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What level of physical activity protects against premature cardiovascular death? The Caerphilly study
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  • Published on:
    Response to Tammy M Vehige et al.

    Dear Editor

    In response to Tammy Vehige et al,[1] we had recognised that our findings may be controversial, but these were rigorously evaluated by ourselves and others before publication. However, to put it in context, it is one study amongst a particular population of healthy, middle-aged men of whom about 40% appeared to be doing enough vigorous intensity activity to confer cardiovascular benefit. The pape...

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    Conflict of Interest:
    None declared.
  • Published on:
    Response to Dr Buckley

    Dear Editor

    In response to Dr Buckley [1] we agree that data on cardiovascular fitness would have been a useful addition to our study but resources in terms of staff and equipment precluded this possibility. In an ideal study, both cardiovascular fitness and questionnaire data would be obtained in parallel and in a long term cohort study habitual physical activity should be re-assessed at intervals.

    Refer...

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    Conflict of Interest:
    None declared.
  • Published on:
    Some key weakness in this study

    Dear Editor

    I couldn't help but sit up and take notice of the news this morning, which made reference to this paper on physical activity and heart disease.[1] Obviously the news reporters are free to say what they like but I am concerned about some key weakness in this study, which has let the press loose on stating that brisk walking does not help prevent heart disease. It is well known and accepted practice within spo...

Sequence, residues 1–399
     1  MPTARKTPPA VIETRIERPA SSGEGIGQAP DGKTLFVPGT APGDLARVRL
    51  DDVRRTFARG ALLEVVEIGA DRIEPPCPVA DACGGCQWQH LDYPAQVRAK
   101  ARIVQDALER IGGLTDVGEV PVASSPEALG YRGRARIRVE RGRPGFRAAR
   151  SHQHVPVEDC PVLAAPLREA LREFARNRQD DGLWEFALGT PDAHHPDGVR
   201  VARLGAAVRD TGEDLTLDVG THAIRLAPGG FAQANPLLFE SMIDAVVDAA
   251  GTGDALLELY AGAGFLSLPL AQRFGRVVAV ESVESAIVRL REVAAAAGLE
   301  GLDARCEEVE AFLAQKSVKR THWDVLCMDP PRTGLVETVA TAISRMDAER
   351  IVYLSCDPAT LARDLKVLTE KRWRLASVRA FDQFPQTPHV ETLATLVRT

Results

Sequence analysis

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    Conflict of Interest:
    None declared.
  • Published on:
    General Exercise Recommendation
    • Tammy M Vehige, Program Manager, Physical Activity
    • Other Contributors:
      • Stephanie Fulton, Thomas Wilding, Frances Groen

    Dear Editor

    Recently a reporter from the Arizona Republic wrote an article that cited your study[1] on vigorous exercise. The author stated that "a half-hour brisk walk every day may make you feel better, but it is not enough to ward off premature death from heart trouble."

    As a public health specialist it concerns me that we are sending mixed messages to the public. In the United States approximately 60% of...

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    Conflict of Interest:
    None declared.
  • Published on:
    Author's response

    Dear Editor

    In reply to Michael LaMonte et al.[1]:

    1. The questionnaire was modified only in relation to differences in American and British sports, for example in Britain softball, paddle ball and raquet ball are rarely played and there is very little hunting for large game. We included some activities such as mixing cement and we used approximate equivalents for this activity using a mixer or...

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    Conflict of Interest:
    None declared.
  • Published on:
    Lowering CVD risk: walk before we run
    • Michael J. LaMonte, Physiologist/Epidemiologist
    • Other Contributors:
      • Ted D. Adams, Frank G. Yanowitz

    Dear Editor

    Yu et al.[1] presented the association between self- reported leisure-time physical activity (LTPA) and 10-year cardiovascular (CVD) mortality among 1975 men who were 49-64 years and free of CVD at baseline. Based on 111 CVD deaths from 20,703 man-years of exposure, and after adjustment for selected confounding effects, the investigators concluded that higher levels of daily energy expenditure in v...

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    Conflict of Interest:
    None declared.